Chapter 9: Of Free Will

I. God hath endued the will of man with that natural liberty, that is neither forced, nor by any absolute necessity of nature determined, to good or evil.[a]

[a] Matt. 17:12. James 1:14. Deut. 30:19.

II. Man, in his state of innocency, had freedom and power to will and to do that which is good and well-pleasing to God;[b] but yet mutably, so that he might fall from it.[c]

[b] Eccl. 7:29. Gen. 1:26.
[c] Gen. 2:16,17. Gen. 3:6.

III. Man, by his fall into a state of sin, hath wholly lost all ability of will to any spiritual good accompanying salvation;[d] so as a natural man, being altogether averse from that good,[e] and dead in sin,[f] is not able, by his own strength, to convert himself, or to prepare himself thereunto.[g]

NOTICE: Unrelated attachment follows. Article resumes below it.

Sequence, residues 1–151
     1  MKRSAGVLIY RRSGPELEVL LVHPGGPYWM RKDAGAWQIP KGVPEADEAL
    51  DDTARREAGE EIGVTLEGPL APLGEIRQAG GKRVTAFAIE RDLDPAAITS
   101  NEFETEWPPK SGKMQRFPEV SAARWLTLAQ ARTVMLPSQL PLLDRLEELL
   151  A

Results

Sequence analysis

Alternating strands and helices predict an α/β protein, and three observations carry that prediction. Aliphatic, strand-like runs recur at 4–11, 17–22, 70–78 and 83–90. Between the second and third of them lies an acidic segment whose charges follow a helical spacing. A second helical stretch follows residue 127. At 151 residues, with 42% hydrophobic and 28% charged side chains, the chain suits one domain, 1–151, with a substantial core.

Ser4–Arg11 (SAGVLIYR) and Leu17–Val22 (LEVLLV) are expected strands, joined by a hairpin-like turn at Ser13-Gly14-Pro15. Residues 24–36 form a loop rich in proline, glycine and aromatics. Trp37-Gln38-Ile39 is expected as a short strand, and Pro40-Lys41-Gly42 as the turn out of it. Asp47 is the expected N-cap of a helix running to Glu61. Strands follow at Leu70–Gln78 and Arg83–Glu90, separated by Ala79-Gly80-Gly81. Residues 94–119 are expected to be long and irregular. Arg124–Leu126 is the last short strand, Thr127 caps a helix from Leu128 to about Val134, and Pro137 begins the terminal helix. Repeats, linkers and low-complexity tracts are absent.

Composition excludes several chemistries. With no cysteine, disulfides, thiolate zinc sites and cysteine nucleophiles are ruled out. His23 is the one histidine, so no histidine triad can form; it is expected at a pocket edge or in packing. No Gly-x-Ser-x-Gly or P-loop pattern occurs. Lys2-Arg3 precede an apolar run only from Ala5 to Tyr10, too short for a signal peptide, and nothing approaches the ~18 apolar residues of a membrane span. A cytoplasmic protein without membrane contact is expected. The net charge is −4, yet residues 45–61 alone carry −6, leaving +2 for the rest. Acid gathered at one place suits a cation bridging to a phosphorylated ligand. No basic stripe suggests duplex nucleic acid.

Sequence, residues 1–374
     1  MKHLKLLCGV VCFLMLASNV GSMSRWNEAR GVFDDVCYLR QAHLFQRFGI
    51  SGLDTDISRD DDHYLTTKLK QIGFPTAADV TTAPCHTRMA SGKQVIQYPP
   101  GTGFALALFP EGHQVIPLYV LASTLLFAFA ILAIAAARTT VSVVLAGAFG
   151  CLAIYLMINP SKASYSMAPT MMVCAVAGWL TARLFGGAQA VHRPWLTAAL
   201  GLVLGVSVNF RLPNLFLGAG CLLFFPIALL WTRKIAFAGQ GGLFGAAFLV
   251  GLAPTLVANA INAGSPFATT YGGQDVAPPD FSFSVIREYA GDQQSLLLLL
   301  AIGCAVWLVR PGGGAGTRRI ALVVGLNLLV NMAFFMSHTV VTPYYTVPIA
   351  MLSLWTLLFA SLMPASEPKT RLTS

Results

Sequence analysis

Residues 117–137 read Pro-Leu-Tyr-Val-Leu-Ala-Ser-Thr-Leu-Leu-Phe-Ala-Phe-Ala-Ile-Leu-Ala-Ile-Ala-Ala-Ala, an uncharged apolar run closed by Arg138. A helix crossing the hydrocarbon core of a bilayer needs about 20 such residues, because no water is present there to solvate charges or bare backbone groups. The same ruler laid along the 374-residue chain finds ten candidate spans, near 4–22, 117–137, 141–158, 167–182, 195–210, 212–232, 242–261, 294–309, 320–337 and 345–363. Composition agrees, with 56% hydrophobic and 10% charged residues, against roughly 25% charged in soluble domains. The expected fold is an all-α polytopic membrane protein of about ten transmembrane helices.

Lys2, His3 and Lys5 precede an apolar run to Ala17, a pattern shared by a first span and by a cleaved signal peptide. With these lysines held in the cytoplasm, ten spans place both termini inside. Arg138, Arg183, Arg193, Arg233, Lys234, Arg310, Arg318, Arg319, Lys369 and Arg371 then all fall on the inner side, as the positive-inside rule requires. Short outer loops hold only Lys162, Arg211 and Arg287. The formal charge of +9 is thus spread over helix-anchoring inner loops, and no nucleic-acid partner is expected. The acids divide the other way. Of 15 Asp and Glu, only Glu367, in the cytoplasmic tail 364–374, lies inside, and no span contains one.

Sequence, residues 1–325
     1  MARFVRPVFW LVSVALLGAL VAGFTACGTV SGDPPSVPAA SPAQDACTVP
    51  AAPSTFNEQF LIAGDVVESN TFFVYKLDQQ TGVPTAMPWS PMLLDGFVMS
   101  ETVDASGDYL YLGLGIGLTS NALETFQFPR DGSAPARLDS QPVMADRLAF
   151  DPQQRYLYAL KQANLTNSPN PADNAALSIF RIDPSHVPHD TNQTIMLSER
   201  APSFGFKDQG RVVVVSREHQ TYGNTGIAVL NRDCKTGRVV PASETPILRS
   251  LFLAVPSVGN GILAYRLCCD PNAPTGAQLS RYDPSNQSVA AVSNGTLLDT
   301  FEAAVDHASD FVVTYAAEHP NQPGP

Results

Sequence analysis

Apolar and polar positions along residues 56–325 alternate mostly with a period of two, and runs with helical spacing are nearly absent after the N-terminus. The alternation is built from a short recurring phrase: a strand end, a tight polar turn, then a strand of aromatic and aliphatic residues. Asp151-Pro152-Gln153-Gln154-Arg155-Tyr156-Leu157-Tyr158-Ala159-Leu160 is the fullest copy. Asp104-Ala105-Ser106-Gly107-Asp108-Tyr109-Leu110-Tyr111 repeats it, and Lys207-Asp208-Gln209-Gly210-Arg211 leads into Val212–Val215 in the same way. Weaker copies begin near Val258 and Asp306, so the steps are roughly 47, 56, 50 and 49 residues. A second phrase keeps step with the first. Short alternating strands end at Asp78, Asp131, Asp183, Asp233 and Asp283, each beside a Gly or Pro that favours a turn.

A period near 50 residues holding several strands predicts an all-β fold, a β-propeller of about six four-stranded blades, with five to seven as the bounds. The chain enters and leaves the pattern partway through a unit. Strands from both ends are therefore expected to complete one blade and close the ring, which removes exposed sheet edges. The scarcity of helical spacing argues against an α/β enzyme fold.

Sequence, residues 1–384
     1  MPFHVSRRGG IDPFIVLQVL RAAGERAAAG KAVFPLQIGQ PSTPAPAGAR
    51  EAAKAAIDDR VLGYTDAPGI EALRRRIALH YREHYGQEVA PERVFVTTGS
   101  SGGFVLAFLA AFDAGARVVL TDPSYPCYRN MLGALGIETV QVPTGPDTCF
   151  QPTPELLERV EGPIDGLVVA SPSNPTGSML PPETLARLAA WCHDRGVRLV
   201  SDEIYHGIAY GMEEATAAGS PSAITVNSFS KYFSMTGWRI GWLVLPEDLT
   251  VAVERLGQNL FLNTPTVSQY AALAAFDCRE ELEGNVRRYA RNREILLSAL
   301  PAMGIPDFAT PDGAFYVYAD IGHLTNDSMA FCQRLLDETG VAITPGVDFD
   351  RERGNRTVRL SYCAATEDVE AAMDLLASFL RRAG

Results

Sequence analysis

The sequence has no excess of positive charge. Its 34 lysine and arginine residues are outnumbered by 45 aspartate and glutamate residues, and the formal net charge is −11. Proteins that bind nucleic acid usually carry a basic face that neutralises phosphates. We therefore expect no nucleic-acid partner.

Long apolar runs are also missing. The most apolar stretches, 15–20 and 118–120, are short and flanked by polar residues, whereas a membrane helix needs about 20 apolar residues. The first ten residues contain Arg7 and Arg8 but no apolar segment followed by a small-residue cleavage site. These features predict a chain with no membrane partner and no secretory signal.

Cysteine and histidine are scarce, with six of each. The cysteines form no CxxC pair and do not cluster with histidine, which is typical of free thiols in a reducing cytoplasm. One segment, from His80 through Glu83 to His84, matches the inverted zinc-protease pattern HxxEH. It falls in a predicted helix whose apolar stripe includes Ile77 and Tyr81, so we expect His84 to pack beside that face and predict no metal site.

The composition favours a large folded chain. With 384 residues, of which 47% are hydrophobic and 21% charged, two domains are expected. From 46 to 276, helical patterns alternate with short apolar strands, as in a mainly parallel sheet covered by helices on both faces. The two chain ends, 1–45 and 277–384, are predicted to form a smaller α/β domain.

[d] Rom. 5:6. Rom 8:7. John 15:5.
[e] Rom. 3:10,12.
[f] Eph. 2:1,5. Col. 2:13.
[g] John 6:44,65. Eph. 2:2-5. 1 Cor. 2:14. Tit. 3:3-5.

IV. When God converts a sinner, and translates him into the state of grace, he freeth him from his natural bondage under sin,[h] and by his grace alone, enables him freely to will and to do that which is spiritually good;[i] yet so as that, by reason of his remaining corruption, he doth not perfectly nor only will that which is good, but doth also will that which is evil.[k]

[h] Col. 1:13. John 8:34,36.
[i] Phil. 2:13. Rom. 6:18,22.
[k] Gal. 5:17. Rom. 7:15,18,19,21,23.

V. The will of man is made perfectly and immutably free to do good alone in the state of glory only.[l]

[l] Eph. 4:13. Heb. 12:23. 1 John 3:2. Jude 24.